What rubbish. I’ve lived and cycled in the Netherlands for 20 years ago and in my limited experience the segregation of bikes and cars usually represents a huge bonus in terms of safety. In urban environments particularly, intersections are not a problem; many of them have traffic lights – for the cyclists as well as the cars – and most cycle paths are coloured red, even where they cross the roads, so there’s no doubt in car drivers’ minds about where the cyclists are going to be. Yes, drivers are naturally more used to cyclists than they are in your neck of the woods – but anyone who says Dutch drivers are slower than their US conterparts doesn’t know the Netherlands or the Dutch very well! It’s quite simply the cycling infrastructure that makes the difference; it’s well developed, well thought out and well understood.

    • Tommi
      February 12, 2011 at 11:13 AM

      There’s lies, damned lies, and statistics.. Speaking of which I just finished crunching some numbers.

      Statistics for UK 2009 show 21 cyclists were killed and 3423 injured per billion kilometers. (http://www.dft.gov.uk/pgr/statistics/datatablespublications/modal/passenger/tsgb0107.xls)

      For Finland 2009 I calculate (see below) 15 killed and 654 injured per billion kilometers.

      http://www.liikenneturva.fi/www/fi/tilastot/liitetiedostot/Tieliikenneonnettomuudet_2009_netti.pdf only lists number of incidents (20 killed, 894 injured) so I had to calculate number of kilometers travelled. Statistics from 2005 (http://www.hlt.fi/HTL04_loppuraportti.pdf) show average distance cycled per person per day is 0.81km. For 2009 I rounded it down to 0.7km/person/day – a figure I saw in some study I lost – as it makes for more pessimistic result. Together with population of 5.3 million we get the result.

      That said, intersections are most risky. I just don’t see it having that much to do with segregation per se.

  4. peteathome
    February 9, 2011 at 1:28 PM

    The Dutch are probably unique in putting bike-only signal phases at intersections. That should greatly reduce or eliminate the problem. We were talking about everywhere else where this is not the practice.

    And even in the Netherlands they only do this on major intersections or where there is already a light. So the risk is still there at the other intersections.

    Speed limits are lower in the Netherlands than the USA, at least according to official documents.Maybe the Dutch speed much more than in the USA. I didn’t notice that when I’ve been there.

    Meanwhile, your statements are based on opinions, mine on objective studies. I can’t really say about the Netherlands, they may have a system that works, but every scientific study I have read on this issue has found the same thing: facilities are less safe than no facilities. Every single one. Even in Copenhagen – they recently released a study comparing the accident rates in the city before and after bicycle facilities went in on a street. In every case, the accident went up, sometimes very significantly, with the facilities.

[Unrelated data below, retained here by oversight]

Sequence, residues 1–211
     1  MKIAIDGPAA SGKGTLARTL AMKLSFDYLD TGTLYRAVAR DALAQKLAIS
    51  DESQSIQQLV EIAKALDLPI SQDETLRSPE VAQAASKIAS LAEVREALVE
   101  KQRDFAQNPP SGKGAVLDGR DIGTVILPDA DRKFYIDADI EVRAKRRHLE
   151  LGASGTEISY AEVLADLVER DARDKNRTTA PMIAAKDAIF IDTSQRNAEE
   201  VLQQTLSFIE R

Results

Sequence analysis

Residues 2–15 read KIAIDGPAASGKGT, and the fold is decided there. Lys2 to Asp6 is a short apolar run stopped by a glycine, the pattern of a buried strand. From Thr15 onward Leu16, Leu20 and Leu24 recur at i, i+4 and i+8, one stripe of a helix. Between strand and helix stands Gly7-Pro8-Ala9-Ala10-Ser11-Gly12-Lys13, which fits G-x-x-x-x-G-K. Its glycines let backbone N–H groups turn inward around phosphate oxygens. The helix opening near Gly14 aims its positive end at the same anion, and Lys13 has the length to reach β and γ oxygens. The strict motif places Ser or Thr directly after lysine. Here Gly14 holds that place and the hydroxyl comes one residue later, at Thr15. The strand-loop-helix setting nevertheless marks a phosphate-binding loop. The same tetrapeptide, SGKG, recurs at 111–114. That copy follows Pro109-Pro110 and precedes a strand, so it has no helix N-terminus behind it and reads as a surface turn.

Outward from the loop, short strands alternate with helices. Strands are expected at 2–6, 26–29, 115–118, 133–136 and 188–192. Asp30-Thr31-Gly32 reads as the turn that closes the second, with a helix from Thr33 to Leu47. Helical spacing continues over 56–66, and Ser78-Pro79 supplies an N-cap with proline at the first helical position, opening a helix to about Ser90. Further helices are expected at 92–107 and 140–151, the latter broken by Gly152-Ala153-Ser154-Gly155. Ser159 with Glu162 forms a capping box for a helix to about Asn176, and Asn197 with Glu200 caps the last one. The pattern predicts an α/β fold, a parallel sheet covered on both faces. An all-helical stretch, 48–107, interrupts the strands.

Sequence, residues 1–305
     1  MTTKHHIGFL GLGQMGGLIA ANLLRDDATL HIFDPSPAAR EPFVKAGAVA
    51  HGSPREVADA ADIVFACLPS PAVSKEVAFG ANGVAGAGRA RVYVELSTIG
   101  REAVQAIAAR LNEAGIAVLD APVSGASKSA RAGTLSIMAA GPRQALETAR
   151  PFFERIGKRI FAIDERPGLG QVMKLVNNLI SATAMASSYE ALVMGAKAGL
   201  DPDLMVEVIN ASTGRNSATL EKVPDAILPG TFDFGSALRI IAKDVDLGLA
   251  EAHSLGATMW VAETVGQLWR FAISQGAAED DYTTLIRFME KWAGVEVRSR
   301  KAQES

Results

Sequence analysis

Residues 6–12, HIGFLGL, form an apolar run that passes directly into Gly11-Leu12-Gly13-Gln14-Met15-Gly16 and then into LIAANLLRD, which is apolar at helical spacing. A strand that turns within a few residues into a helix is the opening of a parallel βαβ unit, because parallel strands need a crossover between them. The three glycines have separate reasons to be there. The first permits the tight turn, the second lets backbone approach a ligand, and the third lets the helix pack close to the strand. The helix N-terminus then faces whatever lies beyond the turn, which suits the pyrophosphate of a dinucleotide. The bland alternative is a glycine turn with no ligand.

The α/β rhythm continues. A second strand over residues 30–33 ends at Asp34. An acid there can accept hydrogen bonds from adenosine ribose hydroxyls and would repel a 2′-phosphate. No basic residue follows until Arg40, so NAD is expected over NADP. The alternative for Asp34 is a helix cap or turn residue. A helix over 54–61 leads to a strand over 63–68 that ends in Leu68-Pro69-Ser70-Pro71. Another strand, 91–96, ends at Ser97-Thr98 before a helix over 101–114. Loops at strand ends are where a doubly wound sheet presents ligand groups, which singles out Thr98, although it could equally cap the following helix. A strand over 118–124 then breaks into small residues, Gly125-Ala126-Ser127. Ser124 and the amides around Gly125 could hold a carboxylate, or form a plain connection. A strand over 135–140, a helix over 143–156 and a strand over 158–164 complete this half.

• February 9, 2011 at 2:18 PM

      Bike-only signal phases are found in Copenhagen, San Francisco, Portland, New York, and others. The Netherlands only has the most complete build-out of any country I’ve visited.

      Urban speed limits may be somewhat lower in the Netherlands, but not markedly so. Many residential streets in the U.S., including those of Los Angeles, have a limit of 25 mph, unless otherwise marked. To my knowledge, Dutch limits rarely go lower than 30 kph, or roughly 18 mph.

      I’ve seen a sampling of the studies you mention, including this one. Yes, they sometimes show that cycling on the “sidewalk” is more dangerous than on the street, but the conclusions generally apply only to intersections. Moreover, they do not all come to this conclusion. I’ve yet to see a study showing that riding, say, on the Los Angeles beach bike path is more dangerous than riding along Wilshire Boulevard.

      Statistics aside, the success of cycling in the Netherlands should be enough to convince anyone that separated is better. The Dutch have many cyclists on the streets; most cities in Anglophone countries have few.

  5. peteathome
    February 9, 2011 at 3:20 PM

    I should have said the Dutch are unique in routinely using bike-only phases. The others are experiments. I have long argued that the only way to make side paths safe is to use bike-only phases at nearly ALL intersections.I doubt even the Dutch do that.

    On a beach path without any intersections ( since it is past all streets and there are no cross streets due to the ocean being in the way), yes, the path is safer, at least in terms of major injury and death caused by collisions with cars. I find there are a lot more injuries, minor to moderate on, say, the LA beach path than the roads due to bicyclists and others not following any rules of the road.

    If you can eliminate nearly all of the intersections, yes, a path or road is safer. You can only do that, normally, when there is a barrier preventing cross streets. Otherwise, you must cross lots of intersections.
    Advocates have considered bicycle over- and under-passes to avoid intersections, but this quickly becomes infeasible in an urban environment.

    The Montreal study was criticized by the AAHSTO as having several methodology problems. I looked at it and the problems are not obvious to me. My biggest question would be whether the comparable streets are really comparable. That’s why I like the Copenhagen study so much : before and after on the same street with no change except the facility.

    Because people THINK a facility is safer and use it doesn’t mean it IS safer. People often have a very distorted view of risk.People think bicycling is risky when it is much more risky to sit around inactive. In bicycling, many people are most afraid of cars approaching from behind when what they really need to be worried about are cars turning in front of them. Most facilities are to reduce people’s fears and to get them out of the way of automobiles so they don’t slow the cars down, not to actually make them safer. If people’s fears matched the reality, or facilities were designed to match reality, bicycle facility design would be very different.

  1. February 7, 2011 at 11:07 AM